December 24th, 2011
I had just sat down at my computer this morning, thinking that there is nothing I can usefully add to the welter of comment, analysis, reminiscence, and blether about this season, when I came across this little gem of purity of spirit. Sit back, sigh, and enjoy.
December 18th, 2011
First, a couple of disclaimers.
Siri Nilsen is the daughter of Shari Nilsen, whom I knew back when she was jus’ plain li’l Shari Gerber back in the ‘hood. Shari had long straight black hair, perfect olive skin, considerable personal beauty, and one of those pure angelic soprano voices. Kind of like a short, Jewish, Buffalonian Joan Baez, only more buxom. She was a year ahead of me at Kenmore West Senior High, and I used to go listen to her play her guitar and sing folk music at the Rue Franklin coffeehouse. I had a hopelessly unconsummated crush on her, of which she was either entirely unaware or in denial. But we were good friends. (Ouch!) A few years out of high school we lost contact. She went on to marry and then divorce a Norwegian folk musician, Lillebjorn Nilsen. No, I never heard of him, either, but he is a big deal in Norway. Siri is one of their daughters. Not long ago, Shari and I came back into contact via Facebook. So that’s how I know of Siri.
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December 14th, 2011
The Tea Party's Bitch
On public radio this morning, I heard three stories whose rapid juxtaposition seems to illustrate perfectly this moment in our society’s life.
First, congressional Republicans were playing politics with extension of tax breaks for the working classes. The version they passed would have paid for the tax break by freezing federal employees’ wages, instead of the funding mechanism proposed by the Democrats to increase taxes slightly on the highest income earners. The GOP bill also contained a “poison pill” provision that they knew would be unacceptable to the Senate Democrats and the President. The poison pill would, if enacted, force the President to decide quickly whether to allow construction of an unnecessary and environmentally questionable oil pipeline from Canada to Texas, rather than wait until after the election. I guess the idea is to divert attention from the GOP’s unwillingness to increase taxes on the richest of the rich for any purpose whatsoever, and to allow themselves to say the Democrats oppose both working class tax breaks and “jobs creation.” As an added bonus, in this age of climate change they get to continue the pretense on behalf of their corporate masters that protection of the environment conflicts with economic development. Of course the cynicism is breathtaking. To add to the bizarro world flavor of our national politics, later today, a Senate vote on the bill was blocked by… Senate Republicans playing politics! But read on…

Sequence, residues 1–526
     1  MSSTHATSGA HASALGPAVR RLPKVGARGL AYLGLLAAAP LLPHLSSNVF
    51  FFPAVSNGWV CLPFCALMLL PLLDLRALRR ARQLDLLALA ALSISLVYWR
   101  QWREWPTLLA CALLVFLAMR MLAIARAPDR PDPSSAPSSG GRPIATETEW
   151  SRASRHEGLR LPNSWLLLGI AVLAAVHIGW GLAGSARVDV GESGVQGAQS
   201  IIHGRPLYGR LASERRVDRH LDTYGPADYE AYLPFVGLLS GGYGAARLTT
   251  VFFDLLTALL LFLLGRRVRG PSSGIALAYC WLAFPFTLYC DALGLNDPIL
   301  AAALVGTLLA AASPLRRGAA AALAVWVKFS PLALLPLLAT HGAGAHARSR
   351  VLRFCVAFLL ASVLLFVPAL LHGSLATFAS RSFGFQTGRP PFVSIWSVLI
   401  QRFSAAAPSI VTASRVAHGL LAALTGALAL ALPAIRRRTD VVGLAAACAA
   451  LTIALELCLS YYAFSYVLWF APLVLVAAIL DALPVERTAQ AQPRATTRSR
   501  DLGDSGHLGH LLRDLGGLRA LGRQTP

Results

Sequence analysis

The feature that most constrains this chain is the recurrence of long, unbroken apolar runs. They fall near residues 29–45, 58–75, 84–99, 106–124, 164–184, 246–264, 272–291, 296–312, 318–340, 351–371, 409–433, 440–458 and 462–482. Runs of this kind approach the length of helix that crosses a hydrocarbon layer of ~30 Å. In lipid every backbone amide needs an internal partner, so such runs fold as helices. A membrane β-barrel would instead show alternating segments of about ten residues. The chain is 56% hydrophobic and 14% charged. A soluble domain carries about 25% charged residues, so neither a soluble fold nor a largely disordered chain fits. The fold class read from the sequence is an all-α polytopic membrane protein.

The second story was about testimony before a legislative committee by a woman in her eighties, concerning the cuts to the federal home heating assistance program proposed by the Obama administration. Funding to help poor people buy fuel for heat would be cut roughly in half. She was talking about what a reduction in this assistance would mean to her, this winter. Last winter, she kept her thermostat at 60 to save money on heat. This winter, she’s wondering what she has to give up in order to keep from freezing – food? medications?
The third story was about a local arts center, the Flynn Theatre. It has just received an anonymous $1,000,000 donation to help replace its squeaky seats.
December 11th, 2011
Evil Kenyan Socialist Muslims, Beware This Man!
Long-time readers of this blog will know of my affection for Charles Dickens, class warrior extraordinaire and the greatest wielder of snark and outrage the English language has ever known. Often, reading Dickens, I am struck by the feeling that except for the funny costumes he is talking directly about contemporary America. Apparently the wonderful blogger Lance Mannion feels much the same way, likening New Gingrich to the evil schoolmaster Wackford Squeers from Nicholas Nickleby. I would quibble with only one thing. Nobody named “Lance Mannion” has any business making fun of “Newt Gingrich” as a moniker Dickens might have invented.
In this same vein, and with a nod to Newt’s claim that whereas most people think in terms of relatively short periods of time, he himself habitually contemplates vistas of 500 years, I would like to direct your attention to a fairly recently published book, one of whose themes is the unvarying nature of malevolence over the centuries.
December 1st, 2011
In addition to exquisite taste in literature, Ted Lehmann seems to have a fine blog.